Navigation Links
Research breakthrough hailed on the anniversary of gene discovery
Date:10/4/2010

(Cincinnati, OH) In a study published today in the Journal, Proceedings of the National Academy of Sciences, an international team of researchers based in the U.S. and UK revealed that they were able to halt the potentially lethal, breath holding episodes associated with the neurological disease Rett syndrome.

Rett syndrome is a disorder of the brain that affects around 1 in 10,000 young girls. On October 4, 1999, a groundbreaking study was published showing that the disease is caused by a spontaneous mutation in the gene methyl-CpG-binding protein 2 (MeCP2). The gene encodes a protein which acts as a "master switch" that is critical for controlling the expression of many other genes regulating the production of specific proteins in brain cells.

One of the more serious consequences of the disease is the intermittent episodes of breath holding, which can put individuals at risk for brain damage due to oxygen deprivation. The team led by Professor John Bissonnette, M.D., of Oregon Health and Science University, Portland OR and Professor Julian FR Paton, PhD, at the University of Bristol in the UK discovered a way to prevent the frequent episodes of breath holding in a mouse model of Rett syndrome using a unique combination of drugs.

Initially, the investigators' earlier work found that an area of the brain that allows breathing to persist throughout life, without interruption, has reduced levels of a vital transmitter substance called gamma-aminobutyric acid (GABA). The researchers took a two-pronged approach, using one set of drugs to increase the amount of GABA, and others to target a specific type of serotonin receptor to reduce activity in brain cells that normally depress inhalation. Both of these approaches halted the life threatening episodes of breathing arrests in Rett syndrome mice and confirmed the investigators' initial theory.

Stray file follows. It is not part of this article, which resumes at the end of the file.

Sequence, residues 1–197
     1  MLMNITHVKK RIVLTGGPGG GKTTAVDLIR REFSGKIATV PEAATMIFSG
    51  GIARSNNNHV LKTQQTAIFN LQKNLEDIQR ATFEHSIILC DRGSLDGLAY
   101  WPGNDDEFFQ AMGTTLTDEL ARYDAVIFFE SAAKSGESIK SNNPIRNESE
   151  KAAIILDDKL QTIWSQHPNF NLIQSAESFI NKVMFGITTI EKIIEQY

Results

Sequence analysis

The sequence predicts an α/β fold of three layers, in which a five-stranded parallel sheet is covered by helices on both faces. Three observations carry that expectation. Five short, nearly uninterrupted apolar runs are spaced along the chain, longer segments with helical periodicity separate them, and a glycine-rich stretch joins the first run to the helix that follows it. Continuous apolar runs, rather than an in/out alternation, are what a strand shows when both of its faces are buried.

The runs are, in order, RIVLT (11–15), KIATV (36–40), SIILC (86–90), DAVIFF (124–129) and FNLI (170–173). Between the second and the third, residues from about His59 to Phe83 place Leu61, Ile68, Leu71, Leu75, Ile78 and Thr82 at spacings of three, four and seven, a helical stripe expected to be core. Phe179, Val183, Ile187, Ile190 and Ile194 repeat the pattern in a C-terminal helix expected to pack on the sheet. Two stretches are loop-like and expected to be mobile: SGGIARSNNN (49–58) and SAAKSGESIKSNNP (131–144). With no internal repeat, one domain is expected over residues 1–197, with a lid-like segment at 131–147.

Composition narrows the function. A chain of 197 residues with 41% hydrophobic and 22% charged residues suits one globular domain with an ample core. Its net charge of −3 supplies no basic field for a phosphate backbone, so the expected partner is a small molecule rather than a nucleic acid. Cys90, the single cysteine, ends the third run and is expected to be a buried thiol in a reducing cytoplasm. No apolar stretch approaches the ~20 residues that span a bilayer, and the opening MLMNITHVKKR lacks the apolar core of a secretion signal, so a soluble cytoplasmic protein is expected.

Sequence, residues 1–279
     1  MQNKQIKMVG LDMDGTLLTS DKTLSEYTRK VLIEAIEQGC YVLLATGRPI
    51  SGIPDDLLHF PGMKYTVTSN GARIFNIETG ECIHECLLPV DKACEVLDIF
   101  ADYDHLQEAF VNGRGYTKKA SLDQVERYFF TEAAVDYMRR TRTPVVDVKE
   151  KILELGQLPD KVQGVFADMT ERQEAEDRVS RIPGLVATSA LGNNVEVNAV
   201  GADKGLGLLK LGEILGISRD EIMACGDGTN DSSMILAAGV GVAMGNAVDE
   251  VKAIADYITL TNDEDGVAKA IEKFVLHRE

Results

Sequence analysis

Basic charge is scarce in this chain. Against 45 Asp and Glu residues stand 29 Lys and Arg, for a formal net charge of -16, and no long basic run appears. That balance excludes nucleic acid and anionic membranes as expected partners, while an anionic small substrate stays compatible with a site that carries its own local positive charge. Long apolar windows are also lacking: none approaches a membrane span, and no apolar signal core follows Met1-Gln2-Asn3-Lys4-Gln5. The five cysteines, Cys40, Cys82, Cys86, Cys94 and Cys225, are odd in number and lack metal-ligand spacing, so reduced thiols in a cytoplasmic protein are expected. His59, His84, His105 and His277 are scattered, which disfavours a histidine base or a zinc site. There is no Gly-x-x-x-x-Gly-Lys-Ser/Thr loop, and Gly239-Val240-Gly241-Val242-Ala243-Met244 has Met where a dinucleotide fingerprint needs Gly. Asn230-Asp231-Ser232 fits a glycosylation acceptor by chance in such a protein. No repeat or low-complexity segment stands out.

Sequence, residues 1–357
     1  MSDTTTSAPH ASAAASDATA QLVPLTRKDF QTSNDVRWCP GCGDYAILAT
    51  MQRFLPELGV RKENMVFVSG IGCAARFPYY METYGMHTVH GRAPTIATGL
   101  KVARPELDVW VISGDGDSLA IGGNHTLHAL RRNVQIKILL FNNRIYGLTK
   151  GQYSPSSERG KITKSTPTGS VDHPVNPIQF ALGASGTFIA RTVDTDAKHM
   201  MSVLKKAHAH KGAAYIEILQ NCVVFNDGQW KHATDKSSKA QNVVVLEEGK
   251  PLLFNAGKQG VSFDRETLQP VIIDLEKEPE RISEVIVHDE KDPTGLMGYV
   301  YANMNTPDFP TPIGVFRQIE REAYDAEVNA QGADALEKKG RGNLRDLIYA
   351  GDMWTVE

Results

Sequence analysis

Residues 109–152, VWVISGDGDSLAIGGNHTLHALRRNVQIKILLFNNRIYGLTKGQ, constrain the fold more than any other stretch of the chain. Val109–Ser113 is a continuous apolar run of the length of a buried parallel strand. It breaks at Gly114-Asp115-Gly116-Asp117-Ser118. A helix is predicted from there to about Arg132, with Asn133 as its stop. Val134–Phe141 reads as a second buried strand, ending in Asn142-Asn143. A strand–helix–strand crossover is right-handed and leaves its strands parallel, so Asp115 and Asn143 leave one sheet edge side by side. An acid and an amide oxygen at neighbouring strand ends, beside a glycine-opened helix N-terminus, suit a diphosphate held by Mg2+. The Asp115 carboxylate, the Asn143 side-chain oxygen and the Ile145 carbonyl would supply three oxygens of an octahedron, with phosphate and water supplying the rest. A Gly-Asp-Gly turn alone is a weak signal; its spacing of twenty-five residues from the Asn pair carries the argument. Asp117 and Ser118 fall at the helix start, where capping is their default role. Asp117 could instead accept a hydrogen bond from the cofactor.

Dr. Bissonnette, co-principal investigator on the IRSF funded study commented, "When the phrenic nerve going to the diaphragm is silent, nerves going to muscles for expiration are excessively active. Building on our earlier studies that showed a defect in inhibition within the brain's respiratory areas, we reasoned that expiratory neurons were not receiving enough inhibition. When we boosted inhibition, or separately used a drug known to silence expiratory neurons, the pattern of breath holding was markedly improved." Dr. Bissonnette added, "While the specific drugs used in this mouse study are not available for human use, drugs with similar modes of action have been used in other conditions."

On Friday, the International Rett Syndrome Foundation (IRSF) announced $1.5M in funding for new research grants in 2010. IRSF announced continuing support for Drs. Bissonnette and Paton who will conduct follow-up studies to further investigate the pharmacological treatment of respiratory dysfunction in mouse models of Rett syndrome.